the place was to him a true home in the fact that it was
to Gray's Inn that Bacon, after his condemnation, retired.
It was, says Chamberlain the letter-writer, " the fulfilling
of the prophecie of one Locke, a familiar of his of the
same house, that knew him intus et in cute, who seeing
him go thence in pompe and with the great scale before
him said to divers of his friends, We shall live to have
him here again." Higher criticism will find in this pro-
phecy no foresight, but a friend's knowledge of Bacon's
affection for the place he had done so much to beautify.

I f but few words be devoted in this Introduction to
the second of the addresses which form the main body
of this volume, that is only because I can claim no such
particular qualifications for illustrating its theme as were
acquired in reference to Master Duke's main subject in the
course of my work upon the records of the Honourable
Society. Mr. Balfour's address may leave hot partisans
unsatisfied. There have been, ever since Bacon's time,

17 B

those who have belittled his services to thought and, in
Mr. Balfour's words, " grossly exaggerated the shadows
upon Bacon's character." There have been, and are, those
who have paid him an exaggerated homage. But it may
be humbly conjectured that the main body of cultivated
people will find a welcome expression for their view of
him in the claim made by Mr. Balfour that he was the
seer and prophet who beheld, and pointed out, and called
his posterity to enter upon, a land of milk and honey
which was to be won by laying aside "the fluttering
fancies of men" and humbly observing "the imprint
stamped upon things by the Divine seal." How much
precisely in the rise of that new attitude towards nature
which has characterized modern philosophy and made
possible the growth of modern science was due to his
single mind is a question upon which wise men will not
dogmatize. If the debt of the race to him cannot be ex-
pressed in figures, its weight will not be felt the less by
informed and impartial minds.

It may be hoped that we shall not always stand
deprived of Mr. Balfour's views upon Hegel's assertion
that Bacon is "the special representative of what in
England is called philosophy and beyond which the
English have not yet advanced," and the contemptuous
addition that we " appear to be that European people
which, limited to the understanding of actuality, is
destined, like the class of shopkeepers and workmen in
the State, to live always immersed in matter and have
actuality but not reason as object." In this connection it
deserves to be noted as an eloquent fact that almost
exactly coincident with Bacon's membership in Gray's
Inn was the lifetime of Jacob Boehme. The bifurcation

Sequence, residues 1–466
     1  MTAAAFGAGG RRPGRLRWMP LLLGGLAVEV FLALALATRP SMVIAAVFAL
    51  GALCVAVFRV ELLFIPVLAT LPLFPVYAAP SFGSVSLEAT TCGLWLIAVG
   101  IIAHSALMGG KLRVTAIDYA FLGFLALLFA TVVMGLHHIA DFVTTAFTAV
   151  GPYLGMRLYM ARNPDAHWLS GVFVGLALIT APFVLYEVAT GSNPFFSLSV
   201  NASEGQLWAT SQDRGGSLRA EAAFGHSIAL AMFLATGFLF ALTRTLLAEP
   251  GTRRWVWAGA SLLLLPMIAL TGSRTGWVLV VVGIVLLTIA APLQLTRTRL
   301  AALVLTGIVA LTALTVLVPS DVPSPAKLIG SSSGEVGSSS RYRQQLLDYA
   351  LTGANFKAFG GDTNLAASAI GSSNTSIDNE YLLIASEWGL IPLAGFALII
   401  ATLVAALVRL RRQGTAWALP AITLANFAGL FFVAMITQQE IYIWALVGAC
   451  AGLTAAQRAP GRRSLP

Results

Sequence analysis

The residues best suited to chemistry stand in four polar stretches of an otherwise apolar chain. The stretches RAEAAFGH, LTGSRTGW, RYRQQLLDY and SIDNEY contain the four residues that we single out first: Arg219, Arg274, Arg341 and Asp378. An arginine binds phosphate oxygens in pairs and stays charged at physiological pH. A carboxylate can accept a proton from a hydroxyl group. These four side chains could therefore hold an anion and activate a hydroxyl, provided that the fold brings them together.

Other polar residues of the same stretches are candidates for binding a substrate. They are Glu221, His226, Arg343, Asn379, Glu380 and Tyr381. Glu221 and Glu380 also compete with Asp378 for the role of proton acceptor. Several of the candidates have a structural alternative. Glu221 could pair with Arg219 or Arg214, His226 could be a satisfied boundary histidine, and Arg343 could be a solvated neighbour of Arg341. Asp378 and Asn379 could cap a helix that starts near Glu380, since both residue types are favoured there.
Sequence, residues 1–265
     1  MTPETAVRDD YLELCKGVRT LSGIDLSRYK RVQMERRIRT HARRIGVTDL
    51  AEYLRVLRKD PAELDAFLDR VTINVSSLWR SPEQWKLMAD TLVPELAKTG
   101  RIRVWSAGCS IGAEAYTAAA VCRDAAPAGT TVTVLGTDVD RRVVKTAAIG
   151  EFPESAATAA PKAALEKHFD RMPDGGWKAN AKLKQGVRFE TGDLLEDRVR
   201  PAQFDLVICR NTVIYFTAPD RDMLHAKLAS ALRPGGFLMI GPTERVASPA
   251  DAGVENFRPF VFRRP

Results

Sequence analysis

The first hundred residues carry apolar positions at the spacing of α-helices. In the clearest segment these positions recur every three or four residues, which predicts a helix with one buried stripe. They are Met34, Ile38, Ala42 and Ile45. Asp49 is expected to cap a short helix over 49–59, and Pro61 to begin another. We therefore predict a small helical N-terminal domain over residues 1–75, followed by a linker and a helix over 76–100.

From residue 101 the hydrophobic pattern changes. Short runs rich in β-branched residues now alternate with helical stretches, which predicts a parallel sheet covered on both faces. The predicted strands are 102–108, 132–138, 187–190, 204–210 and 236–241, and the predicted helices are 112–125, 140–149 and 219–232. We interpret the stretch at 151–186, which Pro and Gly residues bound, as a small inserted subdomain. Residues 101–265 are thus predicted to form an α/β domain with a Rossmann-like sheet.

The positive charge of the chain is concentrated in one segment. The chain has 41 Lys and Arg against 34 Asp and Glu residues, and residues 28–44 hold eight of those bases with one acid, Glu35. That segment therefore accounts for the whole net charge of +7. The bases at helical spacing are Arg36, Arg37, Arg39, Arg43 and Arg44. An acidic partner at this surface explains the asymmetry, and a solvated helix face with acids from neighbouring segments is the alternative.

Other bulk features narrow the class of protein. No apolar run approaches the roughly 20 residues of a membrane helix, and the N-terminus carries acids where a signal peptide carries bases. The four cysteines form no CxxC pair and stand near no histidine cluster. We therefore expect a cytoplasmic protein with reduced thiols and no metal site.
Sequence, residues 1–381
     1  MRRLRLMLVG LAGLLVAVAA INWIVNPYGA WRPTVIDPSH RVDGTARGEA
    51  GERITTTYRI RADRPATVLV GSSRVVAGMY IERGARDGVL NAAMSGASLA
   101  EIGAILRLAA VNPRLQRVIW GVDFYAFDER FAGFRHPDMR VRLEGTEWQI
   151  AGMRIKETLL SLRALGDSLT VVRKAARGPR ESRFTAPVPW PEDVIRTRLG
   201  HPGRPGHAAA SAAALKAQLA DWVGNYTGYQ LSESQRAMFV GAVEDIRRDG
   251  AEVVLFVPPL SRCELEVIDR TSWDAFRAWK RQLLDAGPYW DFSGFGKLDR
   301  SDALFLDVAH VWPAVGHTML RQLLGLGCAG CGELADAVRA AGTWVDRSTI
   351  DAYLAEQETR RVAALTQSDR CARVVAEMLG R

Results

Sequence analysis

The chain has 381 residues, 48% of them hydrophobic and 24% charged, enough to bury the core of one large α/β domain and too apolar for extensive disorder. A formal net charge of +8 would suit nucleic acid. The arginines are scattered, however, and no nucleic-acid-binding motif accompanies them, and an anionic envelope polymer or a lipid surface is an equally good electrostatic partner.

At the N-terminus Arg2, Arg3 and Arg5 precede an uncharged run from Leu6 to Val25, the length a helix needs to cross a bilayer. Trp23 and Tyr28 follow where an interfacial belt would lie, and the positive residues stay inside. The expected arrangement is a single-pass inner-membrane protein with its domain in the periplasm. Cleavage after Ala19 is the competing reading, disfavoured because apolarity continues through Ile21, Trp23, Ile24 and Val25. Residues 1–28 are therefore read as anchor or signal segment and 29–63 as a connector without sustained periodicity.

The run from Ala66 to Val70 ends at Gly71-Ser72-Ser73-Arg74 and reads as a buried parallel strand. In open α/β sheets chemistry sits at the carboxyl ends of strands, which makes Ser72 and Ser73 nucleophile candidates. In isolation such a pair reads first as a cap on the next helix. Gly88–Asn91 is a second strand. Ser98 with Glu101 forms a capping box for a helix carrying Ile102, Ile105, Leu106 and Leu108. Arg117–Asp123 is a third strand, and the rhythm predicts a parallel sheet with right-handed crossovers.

of modern philosophy may be said to have had its begin-
ning perhaps we should say its ante-natal beginning


at that wonderful period. Mr. Balfour has aptly indi-
cated what Bacon would have thought of Hegel. It may
well be recalled, in addition, that the German thinker's
criticism was written before the great scientific advance
of the Victorian era had done so much to recommend
for German imitation " that which in England was called
philosophy." Perhaps, too, it is pertinent to this matter
to confess that English writers of the eighteenth century
had said of the works of Bacon's German contemporary,
the mystic who would seem, in some respects, to have
been Hegel's philosophic ancestor, that they were " sub-
lime nonsense " and even that they " would disgrace
Bedlam at full moon."

It will be observed that the authors of both addresses
confess to dealing with but a part of the wide and varied
field which lies open to anyone who takes Francis Bacon
as his topic. The reader, however, will require no apology
on the score that there is ground uncovered. At the
tercentenary commemoration the Benchers of Gray's
Inn invited the representatives of English culture to join
with them, not in compiling an annotated catalogue of
qualities and accomplishments, but in honouring the
greatest name on the long roll of their Ancient and
Honourable Society. Naturally, therefore, the object of
the speakers was to focus the thoughts and feelings of
those who accepted the summons upon the central
services which Bacon rendered to the Society which
nurtured him and to the human race. For their achieve-
ment of this object I am sure that readers of the ensuing
pages will be grateful.



"The Memory of Francis Bacon"

A an Assembly in Gray's Inn Hall
on Saturday, October i7th, 1908, the
3OOth anniversary of the day of the
election of Francis Bacon as Treasurer
of Gray's Inn, the Treasurer, MASTER H. E.
DUKE, K.C., M.P., after the toast of " Domus"
had been drunk, proposed " The Memory of
Francis Bacon." He spoke as follows:

Mr. JUNIOR, there is a wholesome tradition of
this house which prohibits anything of the nature
of speechmaking in this place. Except that
Francis Bacon, when he was Attorney-General,
found it necessary to come here once in the
course, apparently, of a visitation of the Inns of
Court at the instance of James the First, with a
view to the restoration of their efficiency and the
reformation of some of their excesses, and made


a notable speech, there are few instances, indeed,
of speeches in this Hall.

Our colleagues have thought fit to-day to
entrust me with a toast not one of the customary
toasts that were honoured here by our forefathers,
but one of an exceptional and unique kind, and
they have so far honoured the old tradition that
they have taken care not to provide me with a

I am reminded, when I find myself in that
predicament, of a famous precedent on the North-
Eastern Circuit. There was a celebrated leader
whose habit it was to relieve his professional
labours by going about spreading true religion
among those in whose neighbourhood he found